Arab and Berber population. The flow of migration was anything but smooth, but once the decision was made that France was in Algeria to stay, the trajectory, especially tragic for the Algerian population, was clear. By 1848 the fate of Algeria, a colony made up of increasing numbers of European settlers craving land, was sealed. The following decades saw continuing conquest by "the sword" along with the growth of an immigrant settler population. Granting European immigrants rights of French citizenship while denying these rights to the native "subjects" planted contradictions that would reap the whirlwind midway through the following century. By Sword and Plow makes an important contribution to our understanding of French, Algerian, and world history. If only such rich documentary and iconographic sources existed to illuminate nineteenthcentury Algerian culture. The book appears to accept as a given the global expansion of the West. A fundamental question remains under the surface. Why was the nineteenth-century story of France in Algeria almost entirely one of expanding territorial control? French military setbacks, such as the failed attempt to take Constantine in 1836, were rare and quickly reversed. What were the specific instruments of expansion symbolized by "the sword" and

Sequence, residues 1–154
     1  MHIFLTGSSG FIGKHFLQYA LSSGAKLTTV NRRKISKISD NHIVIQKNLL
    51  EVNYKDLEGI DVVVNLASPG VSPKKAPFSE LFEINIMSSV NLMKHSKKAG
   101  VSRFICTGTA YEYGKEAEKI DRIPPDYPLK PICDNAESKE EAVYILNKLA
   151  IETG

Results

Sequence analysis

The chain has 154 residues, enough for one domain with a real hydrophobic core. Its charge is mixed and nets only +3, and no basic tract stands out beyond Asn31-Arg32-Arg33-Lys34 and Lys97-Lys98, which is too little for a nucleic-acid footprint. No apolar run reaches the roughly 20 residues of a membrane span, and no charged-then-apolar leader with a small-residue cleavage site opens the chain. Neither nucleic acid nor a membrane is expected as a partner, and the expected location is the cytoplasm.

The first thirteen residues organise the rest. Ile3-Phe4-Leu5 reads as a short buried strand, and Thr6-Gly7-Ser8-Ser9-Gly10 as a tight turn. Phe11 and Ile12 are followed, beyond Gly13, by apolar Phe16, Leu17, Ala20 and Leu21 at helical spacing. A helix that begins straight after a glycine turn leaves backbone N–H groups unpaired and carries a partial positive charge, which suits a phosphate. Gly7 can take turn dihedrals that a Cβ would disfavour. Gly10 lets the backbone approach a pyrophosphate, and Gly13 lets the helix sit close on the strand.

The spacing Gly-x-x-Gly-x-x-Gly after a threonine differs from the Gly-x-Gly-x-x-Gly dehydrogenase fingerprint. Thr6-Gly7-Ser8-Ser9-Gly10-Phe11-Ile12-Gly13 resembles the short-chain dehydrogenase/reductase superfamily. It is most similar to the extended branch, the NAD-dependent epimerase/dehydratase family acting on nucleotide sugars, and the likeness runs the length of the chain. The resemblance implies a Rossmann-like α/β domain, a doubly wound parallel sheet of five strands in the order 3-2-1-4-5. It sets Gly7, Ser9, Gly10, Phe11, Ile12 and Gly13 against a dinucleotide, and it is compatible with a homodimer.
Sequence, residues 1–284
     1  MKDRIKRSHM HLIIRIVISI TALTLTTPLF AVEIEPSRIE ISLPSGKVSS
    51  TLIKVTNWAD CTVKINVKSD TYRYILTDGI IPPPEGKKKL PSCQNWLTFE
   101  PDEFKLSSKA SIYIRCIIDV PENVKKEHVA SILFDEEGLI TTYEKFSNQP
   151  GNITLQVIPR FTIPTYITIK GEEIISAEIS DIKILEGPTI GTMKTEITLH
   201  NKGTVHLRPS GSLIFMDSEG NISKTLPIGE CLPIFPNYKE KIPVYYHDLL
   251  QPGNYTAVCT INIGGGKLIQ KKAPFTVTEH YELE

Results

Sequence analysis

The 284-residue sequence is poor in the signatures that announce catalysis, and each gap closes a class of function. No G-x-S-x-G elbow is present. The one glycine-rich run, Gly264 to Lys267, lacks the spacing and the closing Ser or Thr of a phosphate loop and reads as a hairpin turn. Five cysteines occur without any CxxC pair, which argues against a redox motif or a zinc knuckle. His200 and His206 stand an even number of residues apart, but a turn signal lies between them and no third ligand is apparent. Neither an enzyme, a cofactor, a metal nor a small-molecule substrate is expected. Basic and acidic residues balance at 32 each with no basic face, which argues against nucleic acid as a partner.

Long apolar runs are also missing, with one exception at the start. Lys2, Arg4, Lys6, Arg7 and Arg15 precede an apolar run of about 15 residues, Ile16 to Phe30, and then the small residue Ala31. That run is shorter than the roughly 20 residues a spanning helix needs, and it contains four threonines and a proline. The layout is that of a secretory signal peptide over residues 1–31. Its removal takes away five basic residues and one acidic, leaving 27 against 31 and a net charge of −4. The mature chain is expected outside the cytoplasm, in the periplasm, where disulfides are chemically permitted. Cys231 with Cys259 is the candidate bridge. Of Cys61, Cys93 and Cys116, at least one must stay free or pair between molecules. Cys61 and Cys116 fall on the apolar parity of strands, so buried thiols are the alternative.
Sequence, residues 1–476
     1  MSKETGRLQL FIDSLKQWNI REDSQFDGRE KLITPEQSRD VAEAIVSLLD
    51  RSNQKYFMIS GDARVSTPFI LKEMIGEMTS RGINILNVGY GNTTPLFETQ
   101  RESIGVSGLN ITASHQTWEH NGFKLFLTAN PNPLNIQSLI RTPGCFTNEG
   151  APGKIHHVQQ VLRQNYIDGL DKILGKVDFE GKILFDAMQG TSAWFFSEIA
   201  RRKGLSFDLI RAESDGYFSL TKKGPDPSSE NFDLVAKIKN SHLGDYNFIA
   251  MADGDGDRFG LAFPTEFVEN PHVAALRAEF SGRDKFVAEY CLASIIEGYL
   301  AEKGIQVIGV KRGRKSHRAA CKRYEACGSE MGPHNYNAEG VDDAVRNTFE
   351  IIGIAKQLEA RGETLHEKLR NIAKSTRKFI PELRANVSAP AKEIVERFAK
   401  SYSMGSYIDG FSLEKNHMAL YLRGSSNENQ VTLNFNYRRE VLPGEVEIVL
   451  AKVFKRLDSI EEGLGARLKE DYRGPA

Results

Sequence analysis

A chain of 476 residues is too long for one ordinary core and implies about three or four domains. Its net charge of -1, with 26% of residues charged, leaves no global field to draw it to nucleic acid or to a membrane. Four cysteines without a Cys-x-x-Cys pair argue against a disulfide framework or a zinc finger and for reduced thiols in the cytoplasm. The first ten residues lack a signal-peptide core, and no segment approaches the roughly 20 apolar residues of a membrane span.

Journal of World History – University of Hawai'I Press
Published: May 5, 2013
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